Braves Acquire All-Star Nate McLouth For Three Young Players

The Deal
Hovering near .500 and sitting within striking distance in the National League East, the Braves traded three minor leaguers to the Pirates for 27-year-old center fielder Nate McLouth, an All-Star and Gold Glove recipient last season. The move upgrades a significant area of weakness for the Braves, who have received minimal production from their starting outfield trio of (from left to right field) Garret Anderson, rookie Jordan Schafer and Jeff Francouer—though it should be mentioned that platoon left fielder Matt Diaz has hit well in limited action.

In the trade, the Pirates acquired speedy center fielder Gorkys Hernandez, as well as 21-year-old lefthander Jeff Locke and righthander Charlie Morton, a 2002 second-round pick who broke out last season in Triple-A and made it to Atlanta to start 15 games for the Braves.

The trade of McLouth completes the Pirates outfield overhaul, which has resulted in Pittsburgh dealing away its entire 2008 Opening Day outfield in the span of 10 months. First, the club shipped Xavier Nady to the Yankees as the trade deadline loomed, a move that quickly was followed by the trade of Jason Bay to the Red Sox.  

The Young Players
A native of Venezuela, Hernandez signed with the Tigers in 2005 and began his career in the U.S. in style, winning the Gulf Coast League batting title in 2006 and then the Midwest League MVP award in 2007. He joined the Braves organization in the Tigers’ regrettable trade for Edgar Renteria following the 2007 season. Hernandez, a 21-year-old, slick-fielding center fielder, batted .316/.361/.387 with 11 doubles and a pair of triples in 52 games for Double-A Mississippi prior to the trade.

A hamstring injury in 2008 cut into Hernandez’s above-average speed and caused him to miss a month of the season. His stolen base total plummeted from 54 in 2007 to 20 last year as a result, and he began this year by going a spotty 10-for-18 on the basepaths. His career high for home runs has held steady at five—and he’s clubbed just 18 in 389 pro games—as his power is strictly gap to gap. Hernandez’s on-base percentage has been trending in the right direction over the course of the past three seasons, and it’s a skill he’ll need to maintain if he’s to fulfill his potential as a top of the order presence.

A Braves’ second-round pick in 2006 from a Conway, N.H., high school, Locke battled control problems with high Class A Myrtle Beach and had walked 26 batters in 45 2/3 innings (5.2 per nine innings) at the time of the trade. Overall, the lefty was 1-4, 5.56 with 43 strikeouts and only one home run allowed in 10 starts. At his best, Locke attacks opposing hitters with a lively 91-94 mph fastball and a hard curveball. Because his emphasis is power, he lacks feel for his changeup, and he also struggles with other nuances of pitching, such as fielding his position and holding baserunners. Locke’s delivery has been described as both herky-jerky and difficult to repeat, which, though it helps to deceive the batter, likely has been a contributing factor in his lapses in control early this season.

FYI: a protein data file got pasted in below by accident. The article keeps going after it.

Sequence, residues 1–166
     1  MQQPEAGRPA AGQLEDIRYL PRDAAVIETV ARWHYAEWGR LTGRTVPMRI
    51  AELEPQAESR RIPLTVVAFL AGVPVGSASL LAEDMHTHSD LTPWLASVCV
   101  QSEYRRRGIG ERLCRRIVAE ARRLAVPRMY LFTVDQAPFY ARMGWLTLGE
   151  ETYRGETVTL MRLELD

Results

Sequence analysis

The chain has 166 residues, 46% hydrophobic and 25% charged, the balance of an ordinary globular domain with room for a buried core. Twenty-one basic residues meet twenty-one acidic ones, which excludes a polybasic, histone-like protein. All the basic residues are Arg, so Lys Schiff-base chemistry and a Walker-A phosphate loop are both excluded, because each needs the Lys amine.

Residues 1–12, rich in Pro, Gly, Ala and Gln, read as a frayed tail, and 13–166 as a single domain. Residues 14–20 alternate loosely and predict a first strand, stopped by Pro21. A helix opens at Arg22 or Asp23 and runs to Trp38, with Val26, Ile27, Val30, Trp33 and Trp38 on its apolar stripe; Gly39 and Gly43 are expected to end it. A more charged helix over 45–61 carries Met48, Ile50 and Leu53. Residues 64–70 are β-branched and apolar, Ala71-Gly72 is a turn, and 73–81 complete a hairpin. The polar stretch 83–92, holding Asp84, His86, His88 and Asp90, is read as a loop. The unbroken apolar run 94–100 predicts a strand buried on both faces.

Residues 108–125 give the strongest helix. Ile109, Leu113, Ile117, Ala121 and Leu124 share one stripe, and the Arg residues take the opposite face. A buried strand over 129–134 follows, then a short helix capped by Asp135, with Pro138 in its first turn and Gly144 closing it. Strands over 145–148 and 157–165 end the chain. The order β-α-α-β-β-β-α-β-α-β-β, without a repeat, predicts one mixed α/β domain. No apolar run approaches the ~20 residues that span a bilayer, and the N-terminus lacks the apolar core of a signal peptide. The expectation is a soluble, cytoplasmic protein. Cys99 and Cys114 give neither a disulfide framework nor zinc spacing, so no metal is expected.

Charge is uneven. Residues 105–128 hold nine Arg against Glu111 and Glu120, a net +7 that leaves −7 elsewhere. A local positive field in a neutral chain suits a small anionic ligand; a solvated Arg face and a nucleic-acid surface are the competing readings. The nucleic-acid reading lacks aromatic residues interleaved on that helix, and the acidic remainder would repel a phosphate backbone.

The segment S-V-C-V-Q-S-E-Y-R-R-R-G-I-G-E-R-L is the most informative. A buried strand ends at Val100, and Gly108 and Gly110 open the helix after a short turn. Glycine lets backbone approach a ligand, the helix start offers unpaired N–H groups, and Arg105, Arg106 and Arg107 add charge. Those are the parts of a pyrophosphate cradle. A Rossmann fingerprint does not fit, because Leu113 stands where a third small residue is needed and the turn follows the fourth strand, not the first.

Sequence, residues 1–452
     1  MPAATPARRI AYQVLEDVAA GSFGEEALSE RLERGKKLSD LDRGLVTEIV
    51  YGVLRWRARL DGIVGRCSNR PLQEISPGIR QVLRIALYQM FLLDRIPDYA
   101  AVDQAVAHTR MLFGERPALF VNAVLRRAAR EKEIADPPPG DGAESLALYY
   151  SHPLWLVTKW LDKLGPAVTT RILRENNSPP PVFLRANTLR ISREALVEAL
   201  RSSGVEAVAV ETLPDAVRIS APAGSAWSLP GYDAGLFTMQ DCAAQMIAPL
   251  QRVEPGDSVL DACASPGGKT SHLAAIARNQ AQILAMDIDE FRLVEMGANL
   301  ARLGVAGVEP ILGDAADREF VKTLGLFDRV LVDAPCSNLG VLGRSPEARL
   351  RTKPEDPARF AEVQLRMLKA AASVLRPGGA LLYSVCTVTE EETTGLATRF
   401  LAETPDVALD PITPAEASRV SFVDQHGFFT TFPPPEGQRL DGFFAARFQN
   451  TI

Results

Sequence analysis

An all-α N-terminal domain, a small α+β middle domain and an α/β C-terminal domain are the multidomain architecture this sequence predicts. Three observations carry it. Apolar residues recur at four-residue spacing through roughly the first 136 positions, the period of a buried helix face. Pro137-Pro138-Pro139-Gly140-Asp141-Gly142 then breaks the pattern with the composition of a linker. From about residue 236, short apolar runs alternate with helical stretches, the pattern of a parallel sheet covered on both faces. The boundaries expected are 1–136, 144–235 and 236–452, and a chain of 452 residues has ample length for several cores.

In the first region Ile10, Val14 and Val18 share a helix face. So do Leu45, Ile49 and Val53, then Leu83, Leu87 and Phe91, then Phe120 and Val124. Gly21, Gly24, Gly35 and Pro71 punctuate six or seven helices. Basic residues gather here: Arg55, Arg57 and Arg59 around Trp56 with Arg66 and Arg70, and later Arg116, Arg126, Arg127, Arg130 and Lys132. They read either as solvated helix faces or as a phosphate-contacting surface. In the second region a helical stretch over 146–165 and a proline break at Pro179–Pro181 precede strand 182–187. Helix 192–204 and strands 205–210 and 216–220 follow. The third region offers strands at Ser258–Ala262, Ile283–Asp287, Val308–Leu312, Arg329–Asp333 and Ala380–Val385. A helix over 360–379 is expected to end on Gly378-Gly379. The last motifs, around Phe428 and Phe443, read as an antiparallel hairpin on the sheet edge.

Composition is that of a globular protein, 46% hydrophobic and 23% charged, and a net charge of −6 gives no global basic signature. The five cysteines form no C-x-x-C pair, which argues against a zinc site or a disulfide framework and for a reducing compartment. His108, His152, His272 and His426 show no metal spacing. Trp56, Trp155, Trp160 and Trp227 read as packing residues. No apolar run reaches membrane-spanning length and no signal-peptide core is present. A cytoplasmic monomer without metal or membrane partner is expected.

Once viewed as an organizational afterthought, Morton is that rare prospect who emerges at the Triple-A level after spending years pitching in obscurity. The product of a Redding, Conn., high school, he’s spent eight years as a professional, yet he won’t turn 26 until after the season ends. At the time of his trade to the Pirates, Morton was building on his strong Triple-A campaign from a year ago by ranking among the International League’s elite in terms of ERA, strikeouts, innings and wins. He went 7-2, 2.26 in 11 starts for Gwinnett, racking up 62 strikeouts and 17 walks in 71 2/3 innings of work.

Morton tossed seven shutout innings in his Pirates debut, for Indianapolis, which improved his overall Triple-A numbers to 12-4, 2.16 in 24 games (23 starts), during which time he’s struck out 134, walked 44 and allowed just three home runs in 150 1/3 innings. Not too shabby for a pitcher who entered 2008 with a career 4.90 ERA. Best of all, Morton has the stuff—including easy 92-94 mph velocity that he locates down in the zone and a 77-80 mph downer curveball—to back up the numbers.

Quick Take
The Braves optioned Schafer to Triple-A in the midst of a prolonged slump, so McLouth steps immediately into the center field void. He was batting .256/.349/.470 with nine home runs and 34 RBIs in 45 games with the Pirates, functioning mostly as their No. 3 hitter. The Braves, no doubt, were intrigued by McLouth’s breakout 2008 season, in which he batted .276/.356/.497 with 26 home runs, 94 RBIs, 23 stolen bases in 26 attempts and an NL-leading 46 doubles. Though he won a Gold Glove award, McLouth is regarded by most advanced defensive metrics as an average-at-best defender. He signed a three-year, $15.75 million extension with the Pirates in February, so the Braves are set through 2011, at which point they can exercise a $10.65 million club option for one more season.

Hernandez, Locke and Morton join a growing stable of young trade acquisitions who, in conjunction with the organization’s own domestic and international scouting efforts, figure to form the core of future Pirates clubs. Previous trade acquisitions like Robinzon Diaz, Jason Jaramillo, Jeff Karstens, Andy LaRoche, Ross Ohlendorf, Brandon Moss and Delwyn Young already were contributing to the big league club in 2009.

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